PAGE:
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A correlational study of perceived paternal nurturance, self-perception, and leadership status among fifth and sixth grade boys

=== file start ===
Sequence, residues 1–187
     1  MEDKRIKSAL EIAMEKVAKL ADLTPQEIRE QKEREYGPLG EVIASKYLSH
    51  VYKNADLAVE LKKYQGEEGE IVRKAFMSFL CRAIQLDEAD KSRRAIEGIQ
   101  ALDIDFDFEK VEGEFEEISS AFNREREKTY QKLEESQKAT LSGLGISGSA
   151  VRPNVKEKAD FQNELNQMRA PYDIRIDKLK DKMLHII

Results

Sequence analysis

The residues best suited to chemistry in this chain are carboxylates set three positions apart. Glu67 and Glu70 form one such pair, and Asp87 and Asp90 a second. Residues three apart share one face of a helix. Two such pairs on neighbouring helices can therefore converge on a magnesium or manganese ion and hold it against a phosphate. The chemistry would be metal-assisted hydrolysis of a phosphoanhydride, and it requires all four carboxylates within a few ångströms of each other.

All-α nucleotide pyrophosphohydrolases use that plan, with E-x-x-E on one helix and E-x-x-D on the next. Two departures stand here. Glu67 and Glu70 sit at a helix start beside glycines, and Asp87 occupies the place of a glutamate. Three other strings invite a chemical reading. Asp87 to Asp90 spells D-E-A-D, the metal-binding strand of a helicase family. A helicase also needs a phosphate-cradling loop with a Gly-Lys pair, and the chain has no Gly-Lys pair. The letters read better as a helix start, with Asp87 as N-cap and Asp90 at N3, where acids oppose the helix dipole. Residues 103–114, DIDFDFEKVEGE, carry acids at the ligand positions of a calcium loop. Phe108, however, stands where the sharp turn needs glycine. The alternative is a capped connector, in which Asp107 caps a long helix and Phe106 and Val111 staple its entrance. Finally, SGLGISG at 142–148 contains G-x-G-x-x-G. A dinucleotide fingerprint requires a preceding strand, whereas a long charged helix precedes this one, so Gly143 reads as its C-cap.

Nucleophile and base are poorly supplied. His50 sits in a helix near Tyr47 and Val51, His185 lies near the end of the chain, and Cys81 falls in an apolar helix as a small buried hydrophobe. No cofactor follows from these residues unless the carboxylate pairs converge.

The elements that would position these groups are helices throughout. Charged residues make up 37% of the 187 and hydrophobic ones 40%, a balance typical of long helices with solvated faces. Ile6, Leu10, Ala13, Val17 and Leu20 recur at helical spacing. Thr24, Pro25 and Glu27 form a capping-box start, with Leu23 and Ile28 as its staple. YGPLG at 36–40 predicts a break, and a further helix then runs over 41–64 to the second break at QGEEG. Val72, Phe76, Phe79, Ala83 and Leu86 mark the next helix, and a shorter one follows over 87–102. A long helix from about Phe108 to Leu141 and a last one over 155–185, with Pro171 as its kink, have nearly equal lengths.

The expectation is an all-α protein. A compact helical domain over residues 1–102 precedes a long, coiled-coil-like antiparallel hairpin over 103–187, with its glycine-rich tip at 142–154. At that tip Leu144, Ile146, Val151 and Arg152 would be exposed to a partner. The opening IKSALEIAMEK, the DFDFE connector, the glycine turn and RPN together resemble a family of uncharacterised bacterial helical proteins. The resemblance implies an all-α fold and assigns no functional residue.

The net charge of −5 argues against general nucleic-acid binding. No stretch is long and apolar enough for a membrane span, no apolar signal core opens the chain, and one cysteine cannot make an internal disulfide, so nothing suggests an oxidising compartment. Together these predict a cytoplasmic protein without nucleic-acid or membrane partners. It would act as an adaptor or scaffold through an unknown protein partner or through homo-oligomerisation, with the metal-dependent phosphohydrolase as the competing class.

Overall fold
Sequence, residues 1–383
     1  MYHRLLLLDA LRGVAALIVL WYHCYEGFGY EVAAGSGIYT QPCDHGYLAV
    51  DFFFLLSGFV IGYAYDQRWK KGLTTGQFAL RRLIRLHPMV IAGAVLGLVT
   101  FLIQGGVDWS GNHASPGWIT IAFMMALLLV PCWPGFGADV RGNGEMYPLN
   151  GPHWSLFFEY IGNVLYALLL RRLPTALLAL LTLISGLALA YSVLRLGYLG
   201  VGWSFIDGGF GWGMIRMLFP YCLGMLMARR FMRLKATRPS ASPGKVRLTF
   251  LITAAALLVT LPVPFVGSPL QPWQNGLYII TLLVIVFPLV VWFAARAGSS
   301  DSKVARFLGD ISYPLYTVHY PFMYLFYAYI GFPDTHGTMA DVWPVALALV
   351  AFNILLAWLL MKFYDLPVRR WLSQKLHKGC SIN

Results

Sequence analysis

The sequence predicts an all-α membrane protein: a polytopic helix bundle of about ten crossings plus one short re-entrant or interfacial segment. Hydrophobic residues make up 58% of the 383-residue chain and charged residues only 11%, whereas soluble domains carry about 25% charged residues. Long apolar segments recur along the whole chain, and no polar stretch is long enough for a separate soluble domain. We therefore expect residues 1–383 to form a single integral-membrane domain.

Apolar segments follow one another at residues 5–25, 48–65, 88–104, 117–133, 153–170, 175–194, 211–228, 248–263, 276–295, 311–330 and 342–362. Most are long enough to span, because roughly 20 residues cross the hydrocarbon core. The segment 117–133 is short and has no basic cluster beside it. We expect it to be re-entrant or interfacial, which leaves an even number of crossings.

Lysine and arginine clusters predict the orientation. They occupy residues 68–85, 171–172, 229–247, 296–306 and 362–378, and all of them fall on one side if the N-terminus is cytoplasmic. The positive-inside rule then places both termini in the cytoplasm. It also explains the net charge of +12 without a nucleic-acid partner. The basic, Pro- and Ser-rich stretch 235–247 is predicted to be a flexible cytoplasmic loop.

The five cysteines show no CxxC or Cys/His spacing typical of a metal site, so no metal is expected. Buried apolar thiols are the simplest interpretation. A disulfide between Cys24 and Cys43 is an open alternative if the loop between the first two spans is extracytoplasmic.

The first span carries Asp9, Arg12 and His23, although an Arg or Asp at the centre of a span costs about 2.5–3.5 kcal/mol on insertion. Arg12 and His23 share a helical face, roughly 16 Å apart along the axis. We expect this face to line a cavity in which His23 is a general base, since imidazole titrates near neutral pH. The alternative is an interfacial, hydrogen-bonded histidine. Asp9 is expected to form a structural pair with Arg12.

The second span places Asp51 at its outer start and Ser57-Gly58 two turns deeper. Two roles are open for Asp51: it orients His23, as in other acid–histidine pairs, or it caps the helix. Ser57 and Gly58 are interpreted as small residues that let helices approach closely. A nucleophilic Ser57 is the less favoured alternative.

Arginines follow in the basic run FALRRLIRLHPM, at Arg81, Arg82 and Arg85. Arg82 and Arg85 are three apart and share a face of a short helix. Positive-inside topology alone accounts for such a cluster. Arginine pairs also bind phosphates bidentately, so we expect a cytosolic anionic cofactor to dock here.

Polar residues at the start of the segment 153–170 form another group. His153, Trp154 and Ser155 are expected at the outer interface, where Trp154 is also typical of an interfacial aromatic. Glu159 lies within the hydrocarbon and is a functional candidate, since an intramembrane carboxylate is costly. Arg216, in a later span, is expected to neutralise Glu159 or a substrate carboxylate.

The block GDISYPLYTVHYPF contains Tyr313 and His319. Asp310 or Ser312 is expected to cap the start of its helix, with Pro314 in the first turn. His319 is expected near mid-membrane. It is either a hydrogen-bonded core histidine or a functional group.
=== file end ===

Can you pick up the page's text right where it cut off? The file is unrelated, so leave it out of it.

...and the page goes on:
The purpose of this study was to examine the relationship of a boy's perception of a nurturant father, self-perception, and leadership status among fifth and sixth grade boys in a public, elementary school in Southern California. The subjects randomly selected for this study were 50, fifth and sixth grade males. The Bronfenbrenner Parent Behavior Questionnaire was employed to assess the boy's perception of his relationship with his father or father-figure. The Coopersmith Self-esteem Inventory was utilized to obtain a measure of each subject's self-perception. In order to establish the leadership status of each male participant, the Who Are They? Test was administered to both males and females in each of four classrooms involved in the study. The data were analyzed by correlation coefficients and a correlated t-test between perceived paternal nurturance, self-perception, and leadership status. Results showed that there was a statistically significant relationship between perceived paternal nurturance and self-perception and a significant relationship between self-perception and leadership status for fifth and sixth grade boys at the .05 level. However, no significant relationship was found between leadership status and perceived paternal nurturance. Boys who perceive a nurturing relationship with their fathers and have positive self-concepts may not necessarily be considered leaders among their peers. From the results of this study, the following recommendations were made: (1) It was recommended that cross-cultural studies be conducted, examining the relationship between perceived paternal nurturance, self-perception, and leadership status. (2) It was recommended that further studies be conducted among middle class children who's language in the home is standard English. (3) It was recommended that each testing instrument be administered on separate days. (4) It was recommended that subjects be randomly selected from several schools rather than one. (5) It was recommended that further studies be executed to explore the relationship of successful peer interaction and paternal nurturance.